Another Opening, another show … and another excuse to play about with “theme” chocolate.
Although technically, they will have opened by the time I see it, I am thrilled to be going, this weekend, to see a whole bunch of friends perform at the wonderful summer Shakespeare festival, here in Vancouver, Bard on the Beach.
The show I will be attending involves all three parts of Henry VI, contracted down and collectively known as The Wars of the Roses, directed by Christopher Weddell.
The Wars of the Roses concerns the bloody intrigues and machinations of two families, vying for the British throne, or as Wikipedia puts it:
“The Wars of the Roses were a series of dynastic civil wars for the throne of England fought between supporters of two rival branches of the royal House of Plantagenet: the houses of Lancaster and York (the “red” and the “white” rose, respectively).”
Although I am very glad not to have lived at that time: 1455 to 1485, because with my luck, I am sure I would have been born a peasant, it makes for wonderful theatre.
And the imagery got me going: red and white roses … and lots of blood! As a matter of fact, it was the picture of a friend in the show, posing with his prop “head on a pike” whose image I couldn’t get out of my head.
While I don’t feel sufficiently skilled in moulding or sculpting to re-create those wonderful props in chocolate, I think I can manage the floral motif and the colours.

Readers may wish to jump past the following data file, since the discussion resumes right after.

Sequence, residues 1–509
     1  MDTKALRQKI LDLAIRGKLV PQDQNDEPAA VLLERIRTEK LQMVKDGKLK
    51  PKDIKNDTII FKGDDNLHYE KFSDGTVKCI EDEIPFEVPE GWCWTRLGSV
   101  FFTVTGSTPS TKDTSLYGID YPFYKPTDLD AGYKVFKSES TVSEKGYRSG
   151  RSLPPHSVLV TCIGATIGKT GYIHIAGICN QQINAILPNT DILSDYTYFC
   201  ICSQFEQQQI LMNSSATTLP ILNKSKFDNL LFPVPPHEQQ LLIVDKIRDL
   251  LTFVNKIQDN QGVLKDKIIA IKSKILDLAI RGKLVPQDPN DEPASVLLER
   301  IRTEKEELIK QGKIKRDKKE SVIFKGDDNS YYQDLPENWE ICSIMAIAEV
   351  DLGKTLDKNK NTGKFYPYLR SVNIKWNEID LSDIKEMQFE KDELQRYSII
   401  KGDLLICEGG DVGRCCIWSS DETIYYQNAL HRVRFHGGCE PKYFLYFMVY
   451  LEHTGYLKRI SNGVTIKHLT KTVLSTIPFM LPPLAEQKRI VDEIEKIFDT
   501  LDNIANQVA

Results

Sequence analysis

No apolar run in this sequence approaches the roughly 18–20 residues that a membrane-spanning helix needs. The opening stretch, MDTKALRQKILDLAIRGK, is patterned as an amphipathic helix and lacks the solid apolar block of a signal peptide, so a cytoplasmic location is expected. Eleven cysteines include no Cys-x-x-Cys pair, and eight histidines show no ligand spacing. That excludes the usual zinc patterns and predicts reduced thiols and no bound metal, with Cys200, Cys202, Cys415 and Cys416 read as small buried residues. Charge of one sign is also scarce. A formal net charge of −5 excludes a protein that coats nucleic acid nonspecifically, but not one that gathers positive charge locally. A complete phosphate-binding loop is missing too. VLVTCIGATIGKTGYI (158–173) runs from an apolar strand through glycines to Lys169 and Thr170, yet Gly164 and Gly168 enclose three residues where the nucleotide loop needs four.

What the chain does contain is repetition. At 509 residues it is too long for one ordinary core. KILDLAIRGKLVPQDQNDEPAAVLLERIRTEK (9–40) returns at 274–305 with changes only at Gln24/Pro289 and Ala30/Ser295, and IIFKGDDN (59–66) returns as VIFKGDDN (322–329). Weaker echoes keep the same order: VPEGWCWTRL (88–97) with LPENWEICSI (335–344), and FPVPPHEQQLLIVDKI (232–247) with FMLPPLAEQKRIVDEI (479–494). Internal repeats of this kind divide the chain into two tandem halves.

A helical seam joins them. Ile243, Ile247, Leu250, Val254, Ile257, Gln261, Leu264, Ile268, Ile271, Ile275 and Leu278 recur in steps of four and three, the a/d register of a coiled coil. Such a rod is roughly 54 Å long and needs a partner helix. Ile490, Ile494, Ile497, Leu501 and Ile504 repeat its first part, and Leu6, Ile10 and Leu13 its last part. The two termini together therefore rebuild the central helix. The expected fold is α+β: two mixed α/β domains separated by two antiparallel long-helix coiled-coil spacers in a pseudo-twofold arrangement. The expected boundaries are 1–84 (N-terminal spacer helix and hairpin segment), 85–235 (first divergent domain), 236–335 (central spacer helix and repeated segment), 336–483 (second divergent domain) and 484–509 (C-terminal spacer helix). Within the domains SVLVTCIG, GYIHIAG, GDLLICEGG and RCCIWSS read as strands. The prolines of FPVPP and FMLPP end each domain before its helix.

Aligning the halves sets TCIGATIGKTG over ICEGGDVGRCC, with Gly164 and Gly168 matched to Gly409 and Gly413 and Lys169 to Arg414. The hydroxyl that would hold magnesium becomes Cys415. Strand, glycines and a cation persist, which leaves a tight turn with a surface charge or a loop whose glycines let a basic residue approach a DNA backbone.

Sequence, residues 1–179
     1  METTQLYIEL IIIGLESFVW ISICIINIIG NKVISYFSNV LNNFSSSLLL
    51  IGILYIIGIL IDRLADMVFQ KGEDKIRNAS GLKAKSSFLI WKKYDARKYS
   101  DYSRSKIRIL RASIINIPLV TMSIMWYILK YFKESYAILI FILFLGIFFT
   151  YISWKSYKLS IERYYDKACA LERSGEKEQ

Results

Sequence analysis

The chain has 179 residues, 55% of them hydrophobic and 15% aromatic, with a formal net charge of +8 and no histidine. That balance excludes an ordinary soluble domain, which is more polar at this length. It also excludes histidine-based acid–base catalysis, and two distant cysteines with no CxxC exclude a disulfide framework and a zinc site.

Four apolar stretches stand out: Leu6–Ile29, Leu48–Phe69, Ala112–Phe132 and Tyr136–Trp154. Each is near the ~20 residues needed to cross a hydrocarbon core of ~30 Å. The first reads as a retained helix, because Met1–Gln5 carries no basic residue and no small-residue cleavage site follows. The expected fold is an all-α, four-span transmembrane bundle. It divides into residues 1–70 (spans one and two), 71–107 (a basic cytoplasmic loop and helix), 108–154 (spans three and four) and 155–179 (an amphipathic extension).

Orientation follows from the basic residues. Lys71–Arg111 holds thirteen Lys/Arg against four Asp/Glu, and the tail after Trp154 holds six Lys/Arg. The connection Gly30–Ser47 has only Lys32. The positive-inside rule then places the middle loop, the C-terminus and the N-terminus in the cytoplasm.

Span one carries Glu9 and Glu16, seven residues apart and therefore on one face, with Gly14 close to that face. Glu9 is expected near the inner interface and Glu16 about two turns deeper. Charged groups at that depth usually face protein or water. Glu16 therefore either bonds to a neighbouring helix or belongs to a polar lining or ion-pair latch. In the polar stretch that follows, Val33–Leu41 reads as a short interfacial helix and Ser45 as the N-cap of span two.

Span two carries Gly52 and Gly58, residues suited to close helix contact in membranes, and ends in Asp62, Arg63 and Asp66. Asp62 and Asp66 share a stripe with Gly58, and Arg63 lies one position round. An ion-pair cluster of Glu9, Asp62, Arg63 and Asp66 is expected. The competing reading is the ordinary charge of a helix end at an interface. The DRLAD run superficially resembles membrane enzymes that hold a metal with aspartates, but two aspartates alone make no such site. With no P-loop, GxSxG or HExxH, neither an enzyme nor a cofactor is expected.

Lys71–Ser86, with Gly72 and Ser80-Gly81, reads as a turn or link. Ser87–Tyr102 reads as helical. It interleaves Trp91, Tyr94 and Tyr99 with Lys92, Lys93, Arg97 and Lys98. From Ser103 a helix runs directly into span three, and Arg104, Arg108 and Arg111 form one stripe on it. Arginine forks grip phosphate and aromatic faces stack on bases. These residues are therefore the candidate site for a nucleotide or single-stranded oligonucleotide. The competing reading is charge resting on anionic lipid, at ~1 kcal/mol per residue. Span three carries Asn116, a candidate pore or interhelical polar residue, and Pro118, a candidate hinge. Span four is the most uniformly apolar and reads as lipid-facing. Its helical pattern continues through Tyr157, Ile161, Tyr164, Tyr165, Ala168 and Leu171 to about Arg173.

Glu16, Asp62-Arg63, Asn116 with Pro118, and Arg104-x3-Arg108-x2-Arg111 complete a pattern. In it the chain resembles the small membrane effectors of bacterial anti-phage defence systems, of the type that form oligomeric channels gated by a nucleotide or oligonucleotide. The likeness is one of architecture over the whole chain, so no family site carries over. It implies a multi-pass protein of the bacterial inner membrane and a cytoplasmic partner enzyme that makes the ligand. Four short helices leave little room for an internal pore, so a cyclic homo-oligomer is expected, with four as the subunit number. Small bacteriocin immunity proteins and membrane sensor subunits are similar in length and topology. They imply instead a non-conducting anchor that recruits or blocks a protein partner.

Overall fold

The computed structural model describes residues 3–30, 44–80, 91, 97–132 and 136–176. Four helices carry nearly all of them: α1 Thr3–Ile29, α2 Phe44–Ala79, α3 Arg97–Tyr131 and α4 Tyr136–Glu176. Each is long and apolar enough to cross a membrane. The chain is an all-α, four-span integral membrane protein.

I had such fun making Joseph Schmidt’s Chocolate Bowls, that I am having another go at them. They will become the receptacles for some vibrant “Yorkist” (lemon) and “Lancastrian” (strawberry) pate des fruits.
After carefully watching the instructional videos again, I turn down the volume (so as not to be distracted by the engaging Mr. Schmidt’s voice) and watch his technique over and over again. He works an eight pointed design into the two colours of chocolate, and after checking the image of the Tudor Rose, I am delighted to find, it is a mere five points, and quite similar in fashion to what can be produced by dragging a skewer through chocolate.
The summer weather has finally arrived in Vancouver, and with great zeal, on the HOTTEST day we have had so far, I melt the two chocolates, temper them very quickly, and feeling confident in the dipping technique, quickly swirl white chocolate into dark and dunk the balloons in.
Hmm. The bowls do not seem to be behaving the way I remember, as they slide precariously, threatening to topple over. I prop them up with wads of parchment paper underneath the parchment they are sitting on, to angle them slightly.
I am sweating profusely.
Hours later, in the cool of the evening (it is still 20 degrees Celcius, in the kitchen), I gently touch the side of one bowl.
What was I thinking? I instantly withdraw my hand as a soft fingerprint is now evident on the bowl’s surface. They have not set. They are still soft. This does not bode well.
The next morning, I feel they must have set, and get out my trusty scissors, to deflate the balloons in a controlled release. What followed was not pretty. One by one, I attempted to unmold the chocolate bowls, making painfully small incisions in each balloon and holding my breath as each one imploded upon itself, rather than releasing, leaving me with a mess of swirled chocolate bits, embedded with pink plastic balloon.
I absolutely hate wasting food, and throwing away expensive ingredients, and I saved as much of the chocolate as I could, but I did have to “chuck out” enough of it to make me long for the chilly, rainy weather we all know and love, here.
In all honesty, I cannot entirely blame the weather. I rushed, and I am almost certain (in hindsight) that I did not temper the chocolate properly. A lesson I apparently need to re-learn.